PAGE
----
By Miya Jones
Ever since the infamous elevator scene at the hotel, where Solange went in on Jay-Z, fans have speculated that Jay-Z may have been stepping out on Queen B.
If those rumors were not confirmed in Jay-Z’s album “4:44”, it was definitely confirmed in the extensive interview Hov did with New York Times, Executive Editor Dean Baquet. He discussed why he committed his infidelity, his place in hip-hop now and the state of Black America under Donald Trump’s presidency.
The Brooklyn native talked with Baquet about how the only good thing about Trump being president, is that people are forced to have a dialogue about racism and injustice. “The great thing about Donald Trump being president is now we’re forced to have the dialogue,” said Jay-Z. “Now we’re having the conversation on the large scale; he’s provided the platform for us to have the conversation.”
He also discussed one of his most talked about tracks, “The Story of O.J.” Baquet asked the Roc Nation rapper who the song was meant for, and Jay-Z admitted is was for black people.
“It’s a nuanced song, you know,” he said. “It’s like, I’m specifically speaking to us. And about who we are and how do you maintain the sense of self while pushing it forward and holding us to have a responsibility for our actions. Because in America, it is what it is.”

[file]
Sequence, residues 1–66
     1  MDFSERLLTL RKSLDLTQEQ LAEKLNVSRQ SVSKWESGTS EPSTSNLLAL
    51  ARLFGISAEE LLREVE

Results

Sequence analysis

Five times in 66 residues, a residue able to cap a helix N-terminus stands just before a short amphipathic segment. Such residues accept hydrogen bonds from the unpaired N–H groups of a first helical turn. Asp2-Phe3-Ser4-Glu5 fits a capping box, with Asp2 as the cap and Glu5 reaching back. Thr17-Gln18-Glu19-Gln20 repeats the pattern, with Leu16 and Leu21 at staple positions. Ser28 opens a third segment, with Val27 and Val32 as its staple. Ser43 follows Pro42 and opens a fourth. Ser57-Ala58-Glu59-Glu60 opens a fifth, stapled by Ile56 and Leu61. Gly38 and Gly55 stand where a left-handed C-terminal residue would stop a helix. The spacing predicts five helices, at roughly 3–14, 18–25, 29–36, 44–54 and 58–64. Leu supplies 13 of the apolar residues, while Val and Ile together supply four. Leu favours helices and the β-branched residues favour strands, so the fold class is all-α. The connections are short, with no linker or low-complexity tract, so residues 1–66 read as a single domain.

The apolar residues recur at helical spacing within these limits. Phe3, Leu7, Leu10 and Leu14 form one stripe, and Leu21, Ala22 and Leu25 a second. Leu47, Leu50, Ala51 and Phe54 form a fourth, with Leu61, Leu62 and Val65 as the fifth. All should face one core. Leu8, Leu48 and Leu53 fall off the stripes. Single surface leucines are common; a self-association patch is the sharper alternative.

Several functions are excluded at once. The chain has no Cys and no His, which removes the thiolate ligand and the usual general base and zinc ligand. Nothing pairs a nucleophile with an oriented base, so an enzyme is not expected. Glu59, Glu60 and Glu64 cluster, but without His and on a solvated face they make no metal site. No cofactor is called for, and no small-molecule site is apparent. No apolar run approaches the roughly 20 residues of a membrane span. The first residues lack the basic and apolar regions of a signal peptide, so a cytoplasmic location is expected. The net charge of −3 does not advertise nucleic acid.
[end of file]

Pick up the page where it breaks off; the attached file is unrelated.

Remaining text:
Jay-Z also opened up about his relationship with Beyoncé, admitting that he cheated because of his upbringing.
“You have to survive,” said the 47-year-old rapper. “So you go into survival mode, and when you go into survival mode what happen? You shut down all emotions. So even with women, you gonna shut down emotionally, so you can’t connect.” He continued saying, “In my case, like it’s, it’s deep. And then all the things happen from there: infidelity.”
Jay-Z also discussed “Lemonade” and “4:44” stating the power couple worked on their albums together.
“We were using our art almost like a therapy session,” he said. “… And we started making music together.” He said that the process wasn’t easy, and was uncomfortable at times, but they powered through the storm.
“You know, most people walk away, and like divorce rate is like 50 percent or something ’cause most people can’t see themselves,” said Jay-Z. “The hardest thing is seeing pain on someone’s face that you caused, and then have to deal with yourself.”
As far as his place in hip-hop goes, he believes in venturing out into different fields in order to create a lasting legacy similar to Ralph Lauren.
“I think that rap in particular is a young man’s sport, that I’ll move out of that white-hot space.” Jay-Z refers to this white-hot space as a trend or fad that, and like a trend, it doesn’t last long.
“… At the end of the day, we gonna find out it’s not about the white-hot space, but it’s about finding the truth. That white-hot space — people think it’s the biggest thing, but it’s really small. I play forever. And so my whole thing is to identify with the truth. Not to be the youngest, hottest, new, trendy thing.”
It is nice to see how Jay-Z and Beyoncé were able to put their difference aside and work through the hard times. And his mindset about trying to make a lasting mark is something that we should all strive for, and in Trump’s America, we should all try and help each other out in Trump’s America.